What is going on here? What is going on is that the liquid in the bottle (which is mostly water but contains flavors and sweeteners) has a great deal of carbon dioxide dissolved in it. When you first bought the bottle most of the carbon dioxide was dissolved in the liquid but above the liquid (in what the bottler calls the “head space”) there is evaporated water (a little) and carbon dioxide gas (quite a bit). Since there is way more carbon dioxide gas in the liquid than it can hold under ordinary conditions, the carbon dioxide gas above the liquid is there in enough quantity to “inflate” the plastic bottle (yes, like a balloon) and make it firm to the touch. The manufacturers of these plastic bottles and aluminum beer cans use some of this structural effect to reduce the weight of those containers to reduce the cost of transportation of products in them (the heavier the contents plus container, the more fuel is need to move them around) which is why they are so flimsy but do not break in transit.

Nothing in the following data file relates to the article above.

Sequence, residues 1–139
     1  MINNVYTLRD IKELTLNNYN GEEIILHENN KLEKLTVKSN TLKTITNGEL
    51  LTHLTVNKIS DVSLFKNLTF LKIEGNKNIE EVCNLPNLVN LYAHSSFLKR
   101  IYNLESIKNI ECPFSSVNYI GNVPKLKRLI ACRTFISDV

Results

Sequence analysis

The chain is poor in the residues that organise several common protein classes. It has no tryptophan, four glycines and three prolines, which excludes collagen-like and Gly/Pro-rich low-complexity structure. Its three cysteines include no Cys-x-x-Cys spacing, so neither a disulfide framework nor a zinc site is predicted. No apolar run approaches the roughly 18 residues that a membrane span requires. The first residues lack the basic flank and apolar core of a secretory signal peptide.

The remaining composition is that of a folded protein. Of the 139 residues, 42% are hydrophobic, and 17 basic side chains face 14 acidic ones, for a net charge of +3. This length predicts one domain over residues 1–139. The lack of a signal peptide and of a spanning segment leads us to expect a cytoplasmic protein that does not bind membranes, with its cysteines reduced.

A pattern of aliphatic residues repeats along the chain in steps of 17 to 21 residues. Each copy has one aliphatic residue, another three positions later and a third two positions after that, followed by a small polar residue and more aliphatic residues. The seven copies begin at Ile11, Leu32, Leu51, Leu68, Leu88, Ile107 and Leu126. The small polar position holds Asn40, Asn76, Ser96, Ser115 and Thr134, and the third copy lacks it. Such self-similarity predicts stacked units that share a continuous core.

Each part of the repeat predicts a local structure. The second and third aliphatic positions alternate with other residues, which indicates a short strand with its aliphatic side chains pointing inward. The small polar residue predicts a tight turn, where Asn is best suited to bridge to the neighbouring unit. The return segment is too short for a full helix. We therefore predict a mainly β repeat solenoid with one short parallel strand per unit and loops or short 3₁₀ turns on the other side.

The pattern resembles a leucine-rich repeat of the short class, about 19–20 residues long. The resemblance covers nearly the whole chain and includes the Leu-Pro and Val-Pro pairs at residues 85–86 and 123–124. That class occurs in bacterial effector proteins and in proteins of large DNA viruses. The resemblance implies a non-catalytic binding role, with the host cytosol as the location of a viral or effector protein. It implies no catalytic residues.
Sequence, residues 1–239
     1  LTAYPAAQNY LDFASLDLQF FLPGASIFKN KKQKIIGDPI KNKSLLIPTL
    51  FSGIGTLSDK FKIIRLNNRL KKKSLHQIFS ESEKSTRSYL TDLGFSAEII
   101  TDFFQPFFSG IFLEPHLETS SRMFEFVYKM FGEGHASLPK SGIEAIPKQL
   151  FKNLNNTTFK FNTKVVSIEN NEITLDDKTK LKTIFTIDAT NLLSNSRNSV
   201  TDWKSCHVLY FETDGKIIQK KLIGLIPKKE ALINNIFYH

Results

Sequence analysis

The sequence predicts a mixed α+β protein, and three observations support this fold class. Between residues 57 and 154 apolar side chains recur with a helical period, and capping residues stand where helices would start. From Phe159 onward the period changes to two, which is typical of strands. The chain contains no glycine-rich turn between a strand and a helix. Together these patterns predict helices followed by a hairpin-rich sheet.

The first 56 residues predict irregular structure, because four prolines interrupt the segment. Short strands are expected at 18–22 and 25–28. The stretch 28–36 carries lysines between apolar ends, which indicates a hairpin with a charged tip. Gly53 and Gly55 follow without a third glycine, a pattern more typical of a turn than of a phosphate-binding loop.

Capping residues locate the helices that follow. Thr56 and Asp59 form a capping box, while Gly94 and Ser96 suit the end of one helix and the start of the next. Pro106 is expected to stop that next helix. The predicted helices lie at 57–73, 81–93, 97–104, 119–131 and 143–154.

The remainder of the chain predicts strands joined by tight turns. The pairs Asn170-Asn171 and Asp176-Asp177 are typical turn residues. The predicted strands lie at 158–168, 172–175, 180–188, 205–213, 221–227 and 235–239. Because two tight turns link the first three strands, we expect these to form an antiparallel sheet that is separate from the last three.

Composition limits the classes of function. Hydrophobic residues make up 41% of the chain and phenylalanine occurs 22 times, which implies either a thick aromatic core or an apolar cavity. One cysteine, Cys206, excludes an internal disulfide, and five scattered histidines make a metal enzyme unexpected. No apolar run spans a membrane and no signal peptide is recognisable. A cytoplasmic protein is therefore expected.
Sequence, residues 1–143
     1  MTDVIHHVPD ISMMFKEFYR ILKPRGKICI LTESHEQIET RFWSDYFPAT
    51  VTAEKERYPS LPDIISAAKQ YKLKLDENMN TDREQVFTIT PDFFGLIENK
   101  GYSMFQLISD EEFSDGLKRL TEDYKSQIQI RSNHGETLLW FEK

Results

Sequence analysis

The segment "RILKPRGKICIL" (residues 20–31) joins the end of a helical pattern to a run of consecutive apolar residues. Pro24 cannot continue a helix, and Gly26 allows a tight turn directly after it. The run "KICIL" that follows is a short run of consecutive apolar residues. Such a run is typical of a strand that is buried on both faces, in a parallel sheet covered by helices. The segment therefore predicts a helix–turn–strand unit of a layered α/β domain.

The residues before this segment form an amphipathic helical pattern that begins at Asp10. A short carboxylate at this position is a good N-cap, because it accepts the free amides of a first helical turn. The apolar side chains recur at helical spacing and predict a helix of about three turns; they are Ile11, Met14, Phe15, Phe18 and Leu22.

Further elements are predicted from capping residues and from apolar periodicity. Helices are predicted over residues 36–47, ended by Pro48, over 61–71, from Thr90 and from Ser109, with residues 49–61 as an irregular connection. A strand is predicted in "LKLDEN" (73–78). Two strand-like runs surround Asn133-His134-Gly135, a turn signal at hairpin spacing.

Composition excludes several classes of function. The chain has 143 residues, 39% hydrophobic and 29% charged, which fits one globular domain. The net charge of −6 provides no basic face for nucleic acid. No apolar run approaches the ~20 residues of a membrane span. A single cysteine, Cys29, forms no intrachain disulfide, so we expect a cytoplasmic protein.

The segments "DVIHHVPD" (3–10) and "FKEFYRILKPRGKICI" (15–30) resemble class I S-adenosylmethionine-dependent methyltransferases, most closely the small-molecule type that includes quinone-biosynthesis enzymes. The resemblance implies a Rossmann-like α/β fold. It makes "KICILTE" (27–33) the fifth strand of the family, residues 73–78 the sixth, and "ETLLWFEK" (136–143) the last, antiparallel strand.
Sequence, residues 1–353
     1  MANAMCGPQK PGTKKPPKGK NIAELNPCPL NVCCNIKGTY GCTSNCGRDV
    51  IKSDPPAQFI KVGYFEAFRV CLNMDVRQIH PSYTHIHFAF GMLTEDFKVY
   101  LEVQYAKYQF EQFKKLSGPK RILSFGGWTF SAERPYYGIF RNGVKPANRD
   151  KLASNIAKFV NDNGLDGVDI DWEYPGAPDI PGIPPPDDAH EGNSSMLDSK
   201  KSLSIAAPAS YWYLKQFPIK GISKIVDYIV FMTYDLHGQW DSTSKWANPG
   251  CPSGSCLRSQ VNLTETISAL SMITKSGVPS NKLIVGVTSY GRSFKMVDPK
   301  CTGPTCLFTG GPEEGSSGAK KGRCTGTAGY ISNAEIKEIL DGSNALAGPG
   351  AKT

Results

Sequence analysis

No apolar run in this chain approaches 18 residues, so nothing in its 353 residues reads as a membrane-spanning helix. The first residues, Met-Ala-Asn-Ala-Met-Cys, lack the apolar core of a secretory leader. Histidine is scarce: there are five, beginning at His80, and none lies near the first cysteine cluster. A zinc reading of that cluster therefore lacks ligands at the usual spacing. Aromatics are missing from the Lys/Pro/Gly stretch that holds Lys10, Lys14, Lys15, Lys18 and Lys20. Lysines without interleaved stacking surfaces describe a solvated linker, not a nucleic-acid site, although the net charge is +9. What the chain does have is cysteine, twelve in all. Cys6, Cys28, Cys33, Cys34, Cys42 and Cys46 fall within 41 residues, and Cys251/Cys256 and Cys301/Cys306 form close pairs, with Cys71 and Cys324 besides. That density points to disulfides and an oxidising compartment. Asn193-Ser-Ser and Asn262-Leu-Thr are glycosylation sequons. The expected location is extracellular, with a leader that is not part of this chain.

When you put the bottle in the fridge, two things happened, when a gas is cooled, you lower its pressure and, at the same time, you increase the solubility of the gas in the liquid. So, there is less gas in the head space and it has less pressure so the “pumped up” feeling of the container diminishes (a little). When you cracked open the bottle, you released the gas under higher pressure (hence the hiss) and the bottle becomes quite a bit less rigid. Not only that but the gas starts to leave the liquid at such a high rate that it no longer just happens where the gas and liquid touch (the surface) but the gas leaves willy-nilly all over the place producing “bubbles.” When the cap is screwed back in place, the bubbles keep coming for a time but that eventually stops as the head space pressure grows and grows (and the bottle “pumps itself up” again whence they stop coming. We say that the bottle has reestablished an equilibrium between the gas in the head space and gas in the liquid. This is a true physical equilibrium. The property it is showing is referred to as Le Chatelier’s Principle, that if a stress is applied to an equilibrium system, the system responds to offset that stress in part or in whole. So, you relieve the pressure of the gas above the liquid (Hiss!), then screw the cap back on and the system regenerates the pressure. This can happen over and over and over, but not indefinitely.